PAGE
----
Laboratory Investigation - Human/Animal Tissue

Journal of Neuro-Oncology

, Volume 104, Issue 1, pp 83-92

Systemic delivery of neutralizing antibody targeting CCL2 for glioma therapy

  • Xinmei ZhuAffiliated withDepartment of Neurological Surgery, University of Pittsburgh School of MedicineBrain Tumor Program, University of Pittsburgh Cancer Institute
  • , Mitsugu FujitaAffiliated withDepartment of Neurological Surgery, University of Pittsburgh School of MedicineBrain Tumor Program, University of Pittsburgh Cancer Institute
  • , Linda A. SnyderAffiliated withOrtho Biotech Oncology Research and Development, Centocor, Inc
  • , Hideho OkadaAffiliated withDepartment of Neurological Surgery, University of Pittsburgh School of MedicineBrain Tumor Program, University of Pittsburgh Cancer InstituteDepartment of Surgery, University of Pittsburgh School of MedicineDepartment of Immunology, University of Pittsburgh School of MedicineG12a Research Pavilion at Hillman Cancer Center Email author 

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Abstract

Tumor-associated macrophages (TAMs) and myeloid-derived suppressor cells (MDSCs) inhibit anti-tumor immune responses and facilitate tumor growth. Precursors for these immune cell populations migrate to the tumor site in response to tumor secretion of chemokines, such as monocyte chemoattractant protein-1 (MCP-1/CCL2), which was originally purified and identified from human gliomas. In syngeneic mouse GL261 glioma and human U87 glioma xenograft models, we evaluated the efficacy of systemic CCL2 blockade by monoclonal antibodies (mAb) targeting mouse and/or human CCL2. Intraperitoneal (i.p.) administration of anti-mouse CCL2 mAb as monotherapy (2 mg/kg/dose, twice a week) significantly, albeit modestly, prolonged the survival of C57BL/6 mice bearing intracranial GL261 glioma (P = 0.0033), which was concomitant with a decrease in TAMs and MDSCs in the tumor microenvironment. Similarly, survival was modestly prolonged in severe combined immunodeficiency mice bearing intracranial human U87 glioma xenografts treated with both anti-human CCL2 mAb and anti-mouse CCL2 antibodies (2 mg/kg/dose for each, twice a week) compared to mice treated with control IgG (P = 0.0159). Furthermore, i.p. administration of anti-mouse CCL2 antibody in combination with temozolomide (TMZ) significantly prolonged the survival of C57BL/6 mice bearing GL261 glioma with 8 of 10 treated mice surviving longer than 70 days, while only 3 of 10 mice treated with TMZ and isotype IgG survived longer than 70 days (P = 0.0359). These observations provide support for development of mAb-based CCL2 blockade strategies in combination with the current standard TMZ-based chemotherapy for treatment of malignant gliomas.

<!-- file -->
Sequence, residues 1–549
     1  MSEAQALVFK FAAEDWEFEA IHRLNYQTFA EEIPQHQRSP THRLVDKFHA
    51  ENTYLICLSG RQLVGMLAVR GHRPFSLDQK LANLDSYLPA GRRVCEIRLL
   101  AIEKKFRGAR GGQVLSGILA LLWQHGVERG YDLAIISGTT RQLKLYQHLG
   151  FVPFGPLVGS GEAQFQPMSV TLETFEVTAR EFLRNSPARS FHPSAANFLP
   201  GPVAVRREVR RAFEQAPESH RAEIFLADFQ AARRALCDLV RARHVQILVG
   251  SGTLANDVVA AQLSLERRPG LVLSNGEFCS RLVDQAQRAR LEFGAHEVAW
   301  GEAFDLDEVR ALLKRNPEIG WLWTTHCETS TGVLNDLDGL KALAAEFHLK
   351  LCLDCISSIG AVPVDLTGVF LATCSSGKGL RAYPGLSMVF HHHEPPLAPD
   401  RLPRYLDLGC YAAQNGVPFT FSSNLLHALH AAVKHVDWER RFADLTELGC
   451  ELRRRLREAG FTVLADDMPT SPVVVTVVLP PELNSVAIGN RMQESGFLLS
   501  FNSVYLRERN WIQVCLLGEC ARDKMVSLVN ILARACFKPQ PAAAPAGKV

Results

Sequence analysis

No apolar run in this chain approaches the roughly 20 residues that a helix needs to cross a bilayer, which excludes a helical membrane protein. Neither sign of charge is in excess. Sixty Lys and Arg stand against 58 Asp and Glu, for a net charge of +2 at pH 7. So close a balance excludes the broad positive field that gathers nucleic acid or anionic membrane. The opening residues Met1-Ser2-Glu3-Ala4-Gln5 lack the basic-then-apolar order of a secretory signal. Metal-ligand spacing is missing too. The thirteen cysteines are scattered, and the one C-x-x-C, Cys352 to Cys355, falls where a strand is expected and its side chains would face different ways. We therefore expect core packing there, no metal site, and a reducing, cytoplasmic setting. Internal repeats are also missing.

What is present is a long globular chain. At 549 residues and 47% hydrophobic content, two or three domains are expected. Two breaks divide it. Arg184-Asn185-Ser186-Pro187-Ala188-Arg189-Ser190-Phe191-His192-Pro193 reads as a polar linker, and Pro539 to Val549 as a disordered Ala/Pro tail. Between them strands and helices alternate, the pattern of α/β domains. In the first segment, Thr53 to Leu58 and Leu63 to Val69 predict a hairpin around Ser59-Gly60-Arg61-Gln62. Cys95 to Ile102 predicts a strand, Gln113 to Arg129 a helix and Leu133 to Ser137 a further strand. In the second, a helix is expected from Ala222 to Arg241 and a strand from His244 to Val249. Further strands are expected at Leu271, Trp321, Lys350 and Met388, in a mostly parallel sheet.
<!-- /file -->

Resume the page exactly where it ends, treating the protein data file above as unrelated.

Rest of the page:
Keywords

Glioma Chemokine CCL2 Monoclonal antibody Chemotherapy Temozolomide